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Statue of Liberty Gets Freedom to Choose Power Supplier

Statue of Liberty Gets Freedom to Choose Power Supplier

The floodgates of customer choice for electric power users swung open in New Jersey last week and among the first out the door was a group, anchored by chemical manufacturers, of 64 large energy users taking 360 MW and 843 federal government facilities, including the Statue of Liberty. (see report following)

Allegheny Power Supply, Greensburg, PA, the unregulated affiliate of Allegheny Energy, an electric utility holding company, claimed to have snagged the largest power contract so far in New Jersey's unbundling market. The power supplier signed to deliver 360 MW over the next 14 months to 64 industrial users aggregated by the Chemical Industry Council (CIC) of New Jersey.

The important point to note, according to CIC's Executive Director Hal Bozarth, "is that as New Jersey is beginning its competitive market, the largest industrial aggregation went outside the state for a supplier." Bozarth said the chemical and industrial facilities are mostly located in the territory of Public Service Electric & Gas. The Chemical Council pool also was open to members of the Coalition for Competitive Energy, which had pushed opening up the marketplace, and the National Paint & Coatings Association.

While the New Jersey power market opened Nov. 1, the electricity was scheduled to flow Nov. 14, which is the first day after a scheduled meter reading for the industrials. Bozarth credited Epex (Energy Purchasing Experts) Inc., a consulting group based in Fort Washington, PA, with putting together the package and conducting the bidding.

Bozarth said he expected to have more companies in the aggregation for the next round when the current contract runs out. Participants in the current contract with Allegheny Energy Supply include facilities of General Motors and a Mobil refinery. Those participating in the pool are expected to save about 21% on the unregulated supply portion of their bill. "The size of the purchasing aggregation is what helped us get a significantly reduced price and significant savings." Bozarth also said the council was considering aggregating purchasing of natural gas. That market opens in January in New Jersey.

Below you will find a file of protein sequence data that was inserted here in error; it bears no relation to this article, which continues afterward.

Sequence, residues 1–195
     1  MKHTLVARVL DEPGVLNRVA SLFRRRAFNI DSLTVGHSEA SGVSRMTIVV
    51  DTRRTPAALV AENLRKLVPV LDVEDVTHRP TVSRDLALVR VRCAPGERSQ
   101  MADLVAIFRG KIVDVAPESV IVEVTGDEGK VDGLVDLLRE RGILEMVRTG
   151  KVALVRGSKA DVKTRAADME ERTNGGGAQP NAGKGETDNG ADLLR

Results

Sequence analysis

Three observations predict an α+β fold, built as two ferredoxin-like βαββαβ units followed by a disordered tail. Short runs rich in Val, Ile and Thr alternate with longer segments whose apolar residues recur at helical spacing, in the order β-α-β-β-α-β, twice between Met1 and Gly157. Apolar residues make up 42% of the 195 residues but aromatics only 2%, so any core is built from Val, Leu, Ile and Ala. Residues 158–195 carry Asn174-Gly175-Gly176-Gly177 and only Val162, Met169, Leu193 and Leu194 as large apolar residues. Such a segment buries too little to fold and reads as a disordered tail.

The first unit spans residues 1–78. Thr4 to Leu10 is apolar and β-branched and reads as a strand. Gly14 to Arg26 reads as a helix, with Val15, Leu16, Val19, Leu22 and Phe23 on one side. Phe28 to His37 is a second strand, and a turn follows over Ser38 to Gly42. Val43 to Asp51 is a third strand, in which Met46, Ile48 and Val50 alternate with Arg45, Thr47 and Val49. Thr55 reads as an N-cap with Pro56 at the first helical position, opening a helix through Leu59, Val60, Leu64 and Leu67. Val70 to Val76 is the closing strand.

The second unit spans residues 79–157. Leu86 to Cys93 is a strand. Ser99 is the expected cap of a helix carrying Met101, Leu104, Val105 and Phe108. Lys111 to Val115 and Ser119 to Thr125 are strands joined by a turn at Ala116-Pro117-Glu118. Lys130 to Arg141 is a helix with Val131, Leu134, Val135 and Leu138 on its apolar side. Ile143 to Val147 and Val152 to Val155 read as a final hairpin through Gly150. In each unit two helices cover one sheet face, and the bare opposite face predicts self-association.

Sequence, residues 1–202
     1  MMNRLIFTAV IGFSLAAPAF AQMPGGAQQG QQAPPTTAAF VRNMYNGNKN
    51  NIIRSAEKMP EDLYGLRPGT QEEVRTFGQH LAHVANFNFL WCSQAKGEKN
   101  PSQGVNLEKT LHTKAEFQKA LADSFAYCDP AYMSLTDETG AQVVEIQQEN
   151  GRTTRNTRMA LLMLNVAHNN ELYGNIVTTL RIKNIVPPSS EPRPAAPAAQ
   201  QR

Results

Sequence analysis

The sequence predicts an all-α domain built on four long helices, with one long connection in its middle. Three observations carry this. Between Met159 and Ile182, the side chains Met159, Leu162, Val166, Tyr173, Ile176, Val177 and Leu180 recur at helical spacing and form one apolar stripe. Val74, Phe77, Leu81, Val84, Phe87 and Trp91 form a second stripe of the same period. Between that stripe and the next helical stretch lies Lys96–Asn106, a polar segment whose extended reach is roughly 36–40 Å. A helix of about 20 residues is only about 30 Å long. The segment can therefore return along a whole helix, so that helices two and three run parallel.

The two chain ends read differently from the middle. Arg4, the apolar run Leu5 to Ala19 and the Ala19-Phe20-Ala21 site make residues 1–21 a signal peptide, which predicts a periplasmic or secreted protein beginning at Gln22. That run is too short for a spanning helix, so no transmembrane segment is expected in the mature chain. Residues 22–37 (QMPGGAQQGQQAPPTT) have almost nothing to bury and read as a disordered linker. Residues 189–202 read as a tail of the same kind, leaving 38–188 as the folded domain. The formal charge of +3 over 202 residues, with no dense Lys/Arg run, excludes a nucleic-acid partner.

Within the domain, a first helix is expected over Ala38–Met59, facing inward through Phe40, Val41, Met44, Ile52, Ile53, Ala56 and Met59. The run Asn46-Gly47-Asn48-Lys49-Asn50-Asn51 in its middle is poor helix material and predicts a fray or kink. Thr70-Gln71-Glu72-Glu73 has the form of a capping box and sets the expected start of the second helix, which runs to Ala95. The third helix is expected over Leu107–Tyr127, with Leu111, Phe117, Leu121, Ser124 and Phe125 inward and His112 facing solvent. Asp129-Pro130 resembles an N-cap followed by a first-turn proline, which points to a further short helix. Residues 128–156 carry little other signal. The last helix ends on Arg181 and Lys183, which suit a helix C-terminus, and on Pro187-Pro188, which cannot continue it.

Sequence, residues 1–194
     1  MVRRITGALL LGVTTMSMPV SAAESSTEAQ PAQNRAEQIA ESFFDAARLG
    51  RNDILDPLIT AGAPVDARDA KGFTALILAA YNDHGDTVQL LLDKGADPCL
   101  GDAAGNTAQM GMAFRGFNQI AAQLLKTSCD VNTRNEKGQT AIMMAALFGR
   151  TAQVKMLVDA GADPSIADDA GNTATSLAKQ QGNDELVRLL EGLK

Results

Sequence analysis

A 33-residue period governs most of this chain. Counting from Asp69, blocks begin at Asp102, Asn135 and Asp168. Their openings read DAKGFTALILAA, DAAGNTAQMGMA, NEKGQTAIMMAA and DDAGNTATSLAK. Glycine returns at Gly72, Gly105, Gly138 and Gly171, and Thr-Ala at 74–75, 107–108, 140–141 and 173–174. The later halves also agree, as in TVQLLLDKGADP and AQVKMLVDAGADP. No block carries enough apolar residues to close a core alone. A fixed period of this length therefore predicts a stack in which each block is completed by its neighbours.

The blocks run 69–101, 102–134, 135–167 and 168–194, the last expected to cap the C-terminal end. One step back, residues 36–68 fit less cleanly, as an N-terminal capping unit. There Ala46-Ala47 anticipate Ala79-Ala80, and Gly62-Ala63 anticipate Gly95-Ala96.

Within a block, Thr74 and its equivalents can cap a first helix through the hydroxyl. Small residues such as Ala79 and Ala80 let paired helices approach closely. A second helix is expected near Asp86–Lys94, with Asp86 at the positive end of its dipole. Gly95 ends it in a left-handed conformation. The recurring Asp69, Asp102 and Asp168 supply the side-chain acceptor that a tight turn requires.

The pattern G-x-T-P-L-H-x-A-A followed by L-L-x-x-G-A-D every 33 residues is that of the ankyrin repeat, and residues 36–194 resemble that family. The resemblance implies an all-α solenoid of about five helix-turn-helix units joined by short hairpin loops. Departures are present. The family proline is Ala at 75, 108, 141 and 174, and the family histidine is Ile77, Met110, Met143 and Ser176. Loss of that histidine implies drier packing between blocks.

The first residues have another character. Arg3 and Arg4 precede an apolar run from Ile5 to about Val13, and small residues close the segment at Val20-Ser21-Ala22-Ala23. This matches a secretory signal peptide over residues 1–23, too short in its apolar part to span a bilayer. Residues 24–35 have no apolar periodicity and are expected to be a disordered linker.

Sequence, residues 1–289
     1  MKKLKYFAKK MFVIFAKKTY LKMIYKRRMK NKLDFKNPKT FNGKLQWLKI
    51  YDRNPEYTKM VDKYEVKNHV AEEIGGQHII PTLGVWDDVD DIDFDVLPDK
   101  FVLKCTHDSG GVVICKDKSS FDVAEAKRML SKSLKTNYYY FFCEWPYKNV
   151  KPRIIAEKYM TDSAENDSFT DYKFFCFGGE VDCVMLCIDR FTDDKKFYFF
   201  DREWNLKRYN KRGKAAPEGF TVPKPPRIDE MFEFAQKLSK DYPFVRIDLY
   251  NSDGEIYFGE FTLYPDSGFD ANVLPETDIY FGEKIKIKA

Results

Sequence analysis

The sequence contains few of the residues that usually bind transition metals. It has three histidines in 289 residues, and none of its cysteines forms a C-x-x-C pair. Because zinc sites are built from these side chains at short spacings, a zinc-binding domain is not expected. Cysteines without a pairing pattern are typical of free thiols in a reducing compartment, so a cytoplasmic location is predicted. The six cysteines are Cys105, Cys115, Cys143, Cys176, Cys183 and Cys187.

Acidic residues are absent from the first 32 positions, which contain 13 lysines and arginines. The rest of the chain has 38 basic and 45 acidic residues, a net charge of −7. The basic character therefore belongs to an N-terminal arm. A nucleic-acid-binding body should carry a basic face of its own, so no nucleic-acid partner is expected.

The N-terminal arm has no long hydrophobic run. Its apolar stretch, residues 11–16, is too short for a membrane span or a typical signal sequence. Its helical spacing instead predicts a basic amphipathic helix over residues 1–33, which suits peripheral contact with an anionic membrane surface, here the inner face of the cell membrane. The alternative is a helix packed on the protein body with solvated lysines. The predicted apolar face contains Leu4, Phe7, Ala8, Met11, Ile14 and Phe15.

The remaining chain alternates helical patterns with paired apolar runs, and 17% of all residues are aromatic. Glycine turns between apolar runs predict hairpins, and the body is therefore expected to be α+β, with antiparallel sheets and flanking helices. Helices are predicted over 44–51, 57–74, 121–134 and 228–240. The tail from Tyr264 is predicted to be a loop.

Sandy Barber, a principal with Epex, said the key to putting together the transaction was limiting it to the membership of the three organizations with similar-sized customers and use. "If you open the floodgates to everybody it becomes unmanageable." Barber said the chemical users pool group collectively spend about $135 million/year on power with most of them using between 5 and 30 MWh/year. "You can't combine a pizza store with a refinery. If you do the supplier has to adjust his bid to the lowest common denominator." Epex helped put together the RFP which went out to 15 companies. Nine responded. The winner was based on price, Bozarth said.

Allegheny Energy Supply has served residential, industrial and commercial customers in Pennsylvania since that market opened up the first of this year. Their trading operation operates in markets across the eastern half of the country. A spokesman said they have been rated the third largest supplier in Pennsylvania's new market. The parent company, Allegheny Energy Inc., based in Hagerstown, MD, operates regulated electric utility subsidiaries, Monongahela Power, Potomac Edison, and West Penn Power, and West Virginia Power, which now do business as Allegheny Power. The subsidiaries provide electric service to more than 1.4 million customers in parts of Pennsylvania, Maryland and Virginia and West Virginia.

Ellen Beswick

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